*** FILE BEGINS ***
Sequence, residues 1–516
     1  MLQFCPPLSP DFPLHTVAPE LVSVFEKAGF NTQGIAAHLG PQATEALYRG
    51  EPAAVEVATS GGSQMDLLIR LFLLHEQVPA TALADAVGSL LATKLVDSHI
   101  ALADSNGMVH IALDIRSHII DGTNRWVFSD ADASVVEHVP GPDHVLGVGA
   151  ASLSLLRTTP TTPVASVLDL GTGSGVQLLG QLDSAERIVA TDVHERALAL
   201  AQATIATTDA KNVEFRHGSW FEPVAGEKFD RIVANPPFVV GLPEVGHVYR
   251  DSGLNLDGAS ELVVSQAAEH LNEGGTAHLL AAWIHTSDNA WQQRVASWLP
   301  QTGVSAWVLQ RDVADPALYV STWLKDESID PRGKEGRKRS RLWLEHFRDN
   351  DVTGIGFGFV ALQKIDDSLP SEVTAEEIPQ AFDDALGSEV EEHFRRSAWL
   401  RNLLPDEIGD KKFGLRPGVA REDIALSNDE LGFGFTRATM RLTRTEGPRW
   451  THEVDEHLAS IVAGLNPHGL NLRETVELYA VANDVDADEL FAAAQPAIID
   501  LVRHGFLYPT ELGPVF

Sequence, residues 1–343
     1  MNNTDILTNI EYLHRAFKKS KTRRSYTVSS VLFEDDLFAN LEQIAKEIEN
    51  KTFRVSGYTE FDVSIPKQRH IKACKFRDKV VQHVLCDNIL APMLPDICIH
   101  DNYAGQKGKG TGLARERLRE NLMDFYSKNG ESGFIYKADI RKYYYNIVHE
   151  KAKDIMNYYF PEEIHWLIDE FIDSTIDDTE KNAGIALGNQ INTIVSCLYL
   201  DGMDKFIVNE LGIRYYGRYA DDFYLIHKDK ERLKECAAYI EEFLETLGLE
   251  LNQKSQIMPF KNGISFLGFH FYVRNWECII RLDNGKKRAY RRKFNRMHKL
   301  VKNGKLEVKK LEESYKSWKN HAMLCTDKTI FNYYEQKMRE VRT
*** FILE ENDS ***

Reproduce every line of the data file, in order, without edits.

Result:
Sequence, residues 1–516
     1  MLQFCPPLSP DFPLHTVAPE LVSVFEKAGF NTQGIAAHLG PQATEALYRG
    51  EPAAVEVATS GGSQMDLLIR LFLLHEQVPA TALADAVGSL LATKLVDSHI
   101  ALADSNGMVH IALDIRSHII DGTNRWVFSD ADASVVEHVP GPDHVLGVGA
   151  ASLSLLRTTP TTPVASVLDL GTGSGVQLLG QLDSAERIVA TDVHERALAL
   201  AQATIATTDA KNVEFRHGSW FEPVAGEKFD RIVANPPFVV GLPEVGHVYR
   251  DSGLNLDGAS ELVVSQAAEH LNEGGTAHLL AAWIHTSDNA WQQRVASWLP
   301  QTGVSAWVLQ RDVADPALYV STWLKDESID PRGKEGRKRS RLWLEHFRDN
   351  DVTGIGFGFV ALQKIDDSLP SEVTAEEIPQ AFDDALGSEV EEHFRRSAWL
   401  RNLLPDEIGD KKFGLRPGVA REDIALSNDE LGFGFTRATM RLTRTEGPRW
   451  THEVDEHLAS IVAGLNPHGL NLRETVELYA VANDVDADEL FAAAQPAIID
   501  LVRHGFLYPT ELGPVF

Sequence, residues 1–343
     1  MNNTDILTNI EYLHRAFKKS KTRRSYTVSS VLFEDDLFAN LEQIAKEIEN
    51  KTFRVSGYTE FDVSIPKQRH IKACKFRDKV VQHVLCDNIL APMLPDICIH
   101  DNYAGQKGKG TGLARERLRE NLMDFYSKNG ESGFIYKADI RKYYYNIVHE
   151  KAKDIMNYYF PEEIHWLIDE FIDSTIDDTE KNAGIALGNQ INTIVSCLYL
   201  DGMDKFIVNE LGIRYYGRYA DDFYLIHKDK ERLKECAAYI EEFLETLGLE
   251  LNQKSQIMPF KNGISFLGFH FYVRNWECII RLDNGKKRAY RRKFNRMHKL
   301  VKNGKLEVKK LEESYKSWKN HAMLCTDKTI FNYYEQKMRE VRT